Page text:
Schools in England are being reminded to teach sensitive issues in a non-biased way, under new guidance.
It aims to help teachers cover complex topics, such as the history of the British Empire or the Israeli-Palestinian conflict, without pushing one political view over another.
There is also a warning against teachers expressing their own views.
Education Secretary Nadhim Zahawi says no subject should be off limits, but teaching must be impartial.
It comes after a row when children at a Nottingham primary school wrote a letter criticising the prime minister.
The promotion of partisan political views in class is unlawful under the 1996 Education Act.
This means that where teachers present controversial political views in a lesson, they must offer a balanced overview of opposing views.
The Political Impartiality in Schools guidance, published by the Department for Education on Thursday, asks schools to think carefully when planning lessons and choosing class materials.
It draws a distinction between subject areas which may be part of teaching, such as racism or colonialism, and promoting support for campaigning groups, such as Black Lives Matter.
It urges teachers not to offer their own political views in class.
Schools are also being asked to listen and try to resolve any concerns raised by parents who feel their children have been exposed to an uncontested political view.
Schools in England have been quietly navigating their legal duty not to promote partisan political views for decades.
So be in no doubt this is a very deliberate intervention by the government which sends a signal of greater scrutiny in future.
Why now? This is the era of so called "culture war", where polarised views are played out in shouting matches on social media.
Issues like climate change, racial injustices past and present, and food poverty are in the media streams of teenagers, not least through their heroes and influencers.
There are also the long-standing issues schools have to navigate, such as the tension between Israel and the Palestinians.
The question is whether this guidance will cool or fan the flames the next time a row blows up about what has, or hasn't, been said in a classroom.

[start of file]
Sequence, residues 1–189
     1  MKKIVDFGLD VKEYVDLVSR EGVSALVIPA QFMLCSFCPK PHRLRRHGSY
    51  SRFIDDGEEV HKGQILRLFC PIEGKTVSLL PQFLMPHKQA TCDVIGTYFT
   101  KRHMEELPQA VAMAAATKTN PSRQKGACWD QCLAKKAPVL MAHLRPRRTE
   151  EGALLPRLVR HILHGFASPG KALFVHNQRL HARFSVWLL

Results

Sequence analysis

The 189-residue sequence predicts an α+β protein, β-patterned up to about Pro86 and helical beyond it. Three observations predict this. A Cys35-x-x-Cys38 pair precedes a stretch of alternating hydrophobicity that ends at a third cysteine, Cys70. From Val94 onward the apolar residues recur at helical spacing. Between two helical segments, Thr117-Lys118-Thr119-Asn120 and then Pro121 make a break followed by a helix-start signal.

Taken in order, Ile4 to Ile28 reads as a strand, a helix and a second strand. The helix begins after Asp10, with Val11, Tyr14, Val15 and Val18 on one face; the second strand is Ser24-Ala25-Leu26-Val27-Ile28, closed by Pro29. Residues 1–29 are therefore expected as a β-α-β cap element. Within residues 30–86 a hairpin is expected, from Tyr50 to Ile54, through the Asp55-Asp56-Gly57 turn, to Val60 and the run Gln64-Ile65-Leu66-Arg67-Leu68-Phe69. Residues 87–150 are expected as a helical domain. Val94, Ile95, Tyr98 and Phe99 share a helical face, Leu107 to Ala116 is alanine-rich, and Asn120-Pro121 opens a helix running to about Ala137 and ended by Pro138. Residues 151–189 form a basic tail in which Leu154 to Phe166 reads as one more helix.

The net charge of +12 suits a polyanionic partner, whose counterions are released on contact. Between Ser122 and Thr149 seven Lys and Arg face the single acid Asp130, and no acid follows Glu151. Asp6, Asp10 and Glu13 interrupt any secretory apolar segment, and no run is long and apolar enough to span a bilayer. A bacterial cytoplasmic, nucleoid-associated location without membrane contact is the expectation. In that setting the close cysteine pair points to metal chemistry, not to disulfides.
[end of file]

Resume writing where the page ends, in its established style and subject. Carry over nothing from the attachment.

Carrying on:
Ben Miskell, a citizenship and politics teacher, says teachers continually investigate contrasting views and points of difference and help students gain skills in interpreting the political material they receive in a range of formats.
"Teachers I come into contact with across the country in my role as an ambassador for the Association for Citizenship Teaching (Act) are all doing the same thing.
"It is rare for impartiality not to be seen, and where it is this is normally down to lack of training."
National Education Union joint general secretary Dr Mary Bousted says there is already sufficient guidance under the Education Act.
The new guidance adds "new layers of mystification and complexity" and could increase uncertainty and put schools off engaging with political issues, she says.
Association of School and College Leaders general secretary Geoff Barton welcomed the guidance, saying it comes at a time when "young people are exposed to a swirl of misinformation online, and an increasingly toxic discourse on social media".
Act chief executive Liz Moorse said training was needed for teachers to become confident in teaching about political issues and remaining impartial.
"Good citizenship teachers do this. But often we find teachers, in particular non-specialists, are concerned about getting this wrong at present."
She added that if young people were not able to learn in a safe classroom space, they would do so unmediated through the internet with its "proliferation of misinformation and conspiracies".